Heading to the Eretz Israel Museum, coming from the Diaspora Museum, I found myself asking directions from a friendly guard. A few steps later, I turned around and noticed that the guard was guarding the Palmach Museum entrance, a museum I have always wanted to visit. The Palmach was the fighting force of the Haganah, the lead Jewish organisation in the British Mandate during the 1920 – 1940 period, and was originally established in cahoots with the British Army to help defend the Holy Land against the expected Nazi invasion. When Erwin Rommel (the “Desert Fox”), and his Afrika Corps, were defeated at El Alamein, Egypt, the British decided that the Palmach was no longer needed and attempted to disarm them. Realising the great benefits of having an army, the Haganah kept the Palmach alive, working on the sly. In 1947, the Palmach’s brigades were instrumental in the War of Independence and became the backbone of the Israel Defence Forces (IDF) once independence was declared.
Believing in early Zionist fundamentals, Palmach members engaged in both farm-work and military training, being extremely useful to the struggling Jews in those difficult times. Thus, the symbol of the Palmach is a sword framed by two stalks of wheat:
I entered the museum and requested admittance. The front desk informed me that, under most circumstances, admittance to the museum was done by reservation only. However, since I was in uniform (and people in uniform look like they know what they are doing and are often left to their own devices, which is pretty handy) and I was alone, they told me that I could join the next group that was starting in 25 minutes. What makes the Palmach Museum very unusual is that there aren’t any artefacts, it’s an experiential museum – a tour incorporating well-made sets and archived footage, linked together with a reenactment film taking the visitor on a journey through the seven years of the Palmach. Here’s a scene from the tour, a connecting path showing the training of the Palmach members in the rocky desert terrain.
My favourite set was the very first one, however I was unable to photographically capture it. A scene from early 1940s Tel Aviv, the set looked like a WWII-era Paris street corner, minus the Nazis. Even an “old-timey” bicycle was leaning against a metal guard rail, in front of a café’s large picture windows. The tour was given by a soldier girl and everybody had little translation machines that they held to their ears; most of the tour were Spanish speakers, with a handful of English speakers. I opted for the original Hebrew audio to accompany my visual experience, and was happy with my decision. The Palmach group on-screen, represented by modern-day actors and actresses, took us on a path that led to their eventual deployment in the War of Independence, after secret operations and capture by the British. Here is a sculptural depiction of Palmach soldiers using a radio during the war (with ammunition at a premium, desperate Palmach members had sometimes turned to rocks to help fend off the enemy):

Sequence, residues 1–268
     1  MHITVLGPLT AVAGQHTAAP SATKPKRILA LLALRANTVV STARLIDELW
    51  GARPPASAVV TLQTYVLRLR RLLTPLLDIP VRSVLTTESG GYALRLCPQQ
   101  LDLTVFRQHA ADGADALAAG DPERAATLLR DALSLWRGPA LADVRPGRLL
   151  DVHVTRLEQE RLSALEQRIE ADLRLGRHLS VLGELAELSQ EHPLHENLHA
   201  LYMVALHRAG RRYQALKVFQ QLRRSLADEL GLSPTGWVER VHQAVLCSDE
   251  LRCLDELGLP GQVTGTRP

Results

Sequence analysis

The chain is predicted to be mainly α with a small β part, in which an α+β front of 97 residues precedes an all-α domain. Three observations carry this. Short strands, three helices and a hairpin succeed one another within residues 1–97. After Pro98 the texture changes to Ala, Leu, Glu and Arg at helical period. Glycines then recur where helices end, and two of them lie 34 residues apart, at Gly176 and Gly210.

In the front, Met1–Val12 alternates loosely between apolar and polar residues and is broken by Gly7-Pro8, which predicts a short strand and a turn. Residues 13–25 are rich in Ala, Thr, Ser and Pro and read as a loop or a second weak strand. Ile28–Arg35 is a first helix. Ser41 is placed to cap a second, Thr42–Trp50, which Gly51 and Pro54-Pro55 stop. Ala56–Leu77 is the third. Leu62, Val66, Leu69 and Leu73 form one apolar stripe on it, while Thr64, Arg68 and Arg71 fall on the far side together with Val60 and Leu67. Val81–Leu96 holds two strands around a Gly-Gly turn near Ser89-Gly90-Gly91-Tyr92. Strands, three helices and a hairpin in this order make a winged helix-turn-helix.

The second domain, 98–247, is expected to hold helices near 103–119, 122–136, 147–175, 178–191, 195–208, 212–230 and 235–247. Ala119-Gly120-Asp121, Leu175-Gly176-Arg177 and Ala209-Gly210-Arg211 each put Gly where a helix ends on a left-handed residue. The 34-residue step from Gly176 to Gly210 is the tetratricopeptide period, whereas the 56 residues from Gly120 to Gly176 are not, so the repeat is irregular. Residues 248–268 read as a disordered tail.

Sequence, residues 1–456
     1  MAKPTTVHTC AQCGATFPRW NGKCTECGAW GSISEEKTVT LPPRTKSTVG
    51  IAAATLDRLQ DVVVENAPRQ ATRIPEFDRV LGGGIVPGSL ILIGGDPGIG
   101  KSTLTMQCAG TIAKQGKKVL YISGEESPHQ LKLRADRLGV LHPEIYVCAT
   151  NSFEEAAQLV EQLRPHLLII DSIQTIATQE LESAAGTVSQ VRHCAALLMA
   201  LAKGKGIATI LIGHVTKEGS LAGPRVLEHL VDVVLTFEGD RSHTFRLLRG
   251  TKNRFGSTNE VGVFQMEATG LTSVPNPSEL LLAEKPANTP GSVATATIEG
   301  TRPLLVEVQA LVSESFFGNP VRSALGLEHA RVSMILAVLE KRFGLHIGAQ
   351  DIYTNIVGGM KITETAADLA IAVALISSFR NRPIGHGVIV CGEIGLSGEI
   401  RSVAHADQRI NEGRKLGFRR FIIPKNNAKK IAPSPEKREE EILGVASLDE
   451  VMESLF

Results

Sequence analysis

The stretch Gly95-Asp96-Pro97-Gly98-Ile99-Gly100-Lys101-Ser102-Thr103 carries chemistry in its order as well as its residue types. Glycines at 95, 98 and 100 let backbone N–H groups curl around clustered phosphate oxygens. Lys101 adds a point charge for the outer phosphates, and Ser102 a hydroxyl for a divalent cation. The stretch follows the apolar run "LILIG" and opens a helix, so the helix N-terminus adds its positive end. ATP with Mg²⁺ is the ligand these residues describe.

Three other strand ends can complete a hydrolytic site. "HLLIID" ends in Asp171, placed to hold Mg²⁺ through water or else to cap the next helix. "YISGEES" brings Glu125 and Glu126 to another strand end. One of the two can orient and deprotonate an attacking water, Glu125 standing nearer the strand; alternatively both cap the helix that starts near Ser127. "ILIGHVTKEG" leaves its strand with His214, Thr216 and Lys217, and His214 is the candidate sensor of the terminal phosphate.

The tour, which is 90-minutes long (including a 25-minute film), begins and ends at the memorial room, which commemorates all the Palmach fighters who lost their lives in the struggle for the Jewish State.
After the tour I asked the soldier who led the tour if there, by any chance, was more to see. She replied in the affirmative and took me to a room that houses drawers, hundreds of drawers. Inside each drawer is a binder with information on a Palmach member. Some drawers are larger than others, and upon opening, reveal more than just a binder. In one particular large drawer I flipped through a 1941 calender book and held an old pipe – memorabilia that once belonged to the Palmach member, presumably donated by the family. I found it very interesting and would have liked to spend a long time exploring the drawers, however, there was more to see. The next room the guide took me to was the photo collections room, dozens of photo albums divided by brigade, location and operation. I flipped through some and saw that the Palmach took far more photographs than I had ever imagined, even aerial footage. That particular room, the vast collection of photo albums, is not included in the museum’s admission fee; rather it is free to all. Who can pass up such an opportunity?
After flipping through some albums, I bid my thanks and farewell and headed out, walking in the direction of the next museum on my list – the Eretz Israel Museum.